Yves Klein Leap into the Void, 1960
Paul McCarthy’s Low Life Slow Life: Part 1 is the first half of an evolving, two-part exhibition presenting sculpture, photography, painting, installation, drawing, performance, video, music, magazines, books, images, memorabilia, documents, and films.
PARTICIPATING ARTISTS: John Altoon, Bob Arentz, Joseph Beuys, Stan Brakhage, Malcolm W. Browne, John Cage, Christo and Jeanne-Claude, Bruce Conner, Paul Cotton, Jay DeFeo, Marcel Duchamp, John Heartfield, Wally Hedrick, Mike Henderson, Allan Kaprow, Yves Klein, Tetsumi Kudo, Yayoi Kusama, Robert Mallary, Paul McCarthy, Gustav Metzger, Allan Midgette, Henry Moore, Saburo Murakami, Bruce Nauman, Yoko Ono, Al Payne, Raivo Puusemp, Kazuo Shiraga, Tony Smith, Karlheinz Stockhausen, Doyle Strong, Stan VanDerBeek, Irby Walton, Andy Warhol
CURATED BY: Paul McCarthy
Paul McCarthy’s Low Life Slow Life is a two-part exhibition curated by the acclaimed Los Angeles–based artist Paul McCarthy. It showcases a wide range of artists and artworks related to McCarthy’s memories from his career, as well as a number of his own works. This first part investigates McCarthy’s student years in Salt Lake City in the 1960s and his early career in the Bay Area during the 1970s. The second part, to be presented in 2009, will focus on his years in Los Angeles and map out the period from the mid-1970s to the present.
McCarthy’s curatorial selections are eclectic and unconventional, deriving more from his personal recollections than from any historical, objective measure of artistic influence. The works on display range from sculptures and paintings to magazines, books, artifacts, memorabilia, films, videos, photographs, installations, and reproductions or remakes of artworks that no longer exist or that McCarthy only ever encountered as reproductions. The featured artists will include such established figures as Henry Moore and Allan Kaprow and lesser-known artists such as Wally Hedrick and Al Payne. An extensive film program and a number of reenactments of historical performance pieces will also be part of the exhibition.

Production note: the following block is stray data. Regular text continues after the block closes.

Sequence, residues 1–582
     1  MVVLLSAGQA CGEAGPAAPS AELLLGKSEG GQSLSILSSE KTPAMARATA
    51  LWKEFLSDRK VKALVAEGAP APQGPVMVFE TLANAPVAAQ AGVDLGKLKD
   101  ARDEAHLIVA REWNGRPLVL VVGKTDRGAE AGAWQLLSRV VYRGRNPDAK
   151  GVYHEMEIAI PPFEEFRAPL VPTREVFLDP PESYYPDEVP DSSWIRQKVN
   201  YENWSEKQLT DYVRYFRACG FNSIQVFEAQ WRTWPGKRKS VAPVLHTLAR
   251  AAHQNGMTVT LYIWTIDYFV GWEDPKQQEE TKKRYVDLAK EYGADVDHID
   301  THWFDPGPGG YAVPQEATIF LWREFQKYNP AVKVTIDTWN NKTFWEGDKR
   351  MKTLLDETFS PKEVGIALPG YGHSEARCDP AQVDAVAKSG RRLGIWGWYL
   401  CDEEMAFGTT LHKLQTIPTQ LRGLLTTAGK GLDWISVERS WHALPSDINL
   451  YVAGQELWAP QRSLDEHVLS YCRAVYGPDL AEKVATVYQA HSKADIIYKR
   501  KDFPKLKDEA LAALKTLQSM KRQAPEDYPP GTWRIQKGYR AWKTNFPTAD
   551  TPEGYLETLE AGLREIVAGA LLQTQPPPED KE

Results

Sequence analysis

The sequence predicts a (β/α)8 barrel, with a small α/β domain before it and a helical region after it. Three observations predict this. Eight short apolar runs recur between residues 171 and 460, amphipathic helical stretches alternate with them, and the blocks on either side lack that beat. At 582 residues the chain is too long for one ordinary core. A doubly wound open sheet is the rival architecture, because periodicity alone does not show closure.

Although McCarthy did not achieve international recognition until the 1990s, he has been an influential figure on California’s art scene for more than 30 years. His early performance work of the 1970s explored the body and sexuality. The intensity of these performances, which often included graphic depictions of taboo sub-jects, eventually led him to further explorations and exploitations of video and film, special effects, and large-scale installations as he continually strove to heighten the effect of his work. Today McCarthy is considered one of the most influential living American artists.
LECTURE BY PAUL McCARTHY: Tuesday, February 12, 7 p.m.
FILM SCREENINGS: An extensive film program will accompany the exhibition, including films by Stan Brakhage, Bruce Conner, Bruce Nauman, Yayoi Kusama, Yoko Ono, Stan VanDerBeek, and Andy Warhol. For a complete list of films and screening times please visit http://www.wattis.org
The lecture and film screenings take place in Timken Lecture Hall, California College of the Arts, 1111 Eighth Street (at 16th and Wisconsin), San Francisco CA 94107. All events are free and open to
Paul McCarthy’s Low Life Slow Life is curated by Paul McCarthy and organized by Jens Hoffmann, director of the CCA Wattis Institute, and Stacen Berg, assistant curator of the CCA Wattis Institute.
About the CCA Wattis Institute
The Wattis Institute for Contemporary Arts was established in 1998 in San Francisco at California College of the Arts. It serves as a forum for the presentation and discussion of international contemporary art and curatorial practice. Through groundbreaking exhibitions, the Capp Street Project residency program, lectures, symposia, and publications, the Wattis Institute has become one of the leading art institutions in the United States and an active site for contemporary culture in the Bay Area.
Founding support for CCA Wattis Institute for Contemporary Arts programs has been provided by Phyllis C. Wattis and Judy and Bill Timken. Generous support provided by the Phyllis C. Wattis Foundation, Grants for the Arts / San Francisco Hotel Tax Fund, Ann Hatch and Paul Discoe, and the CCA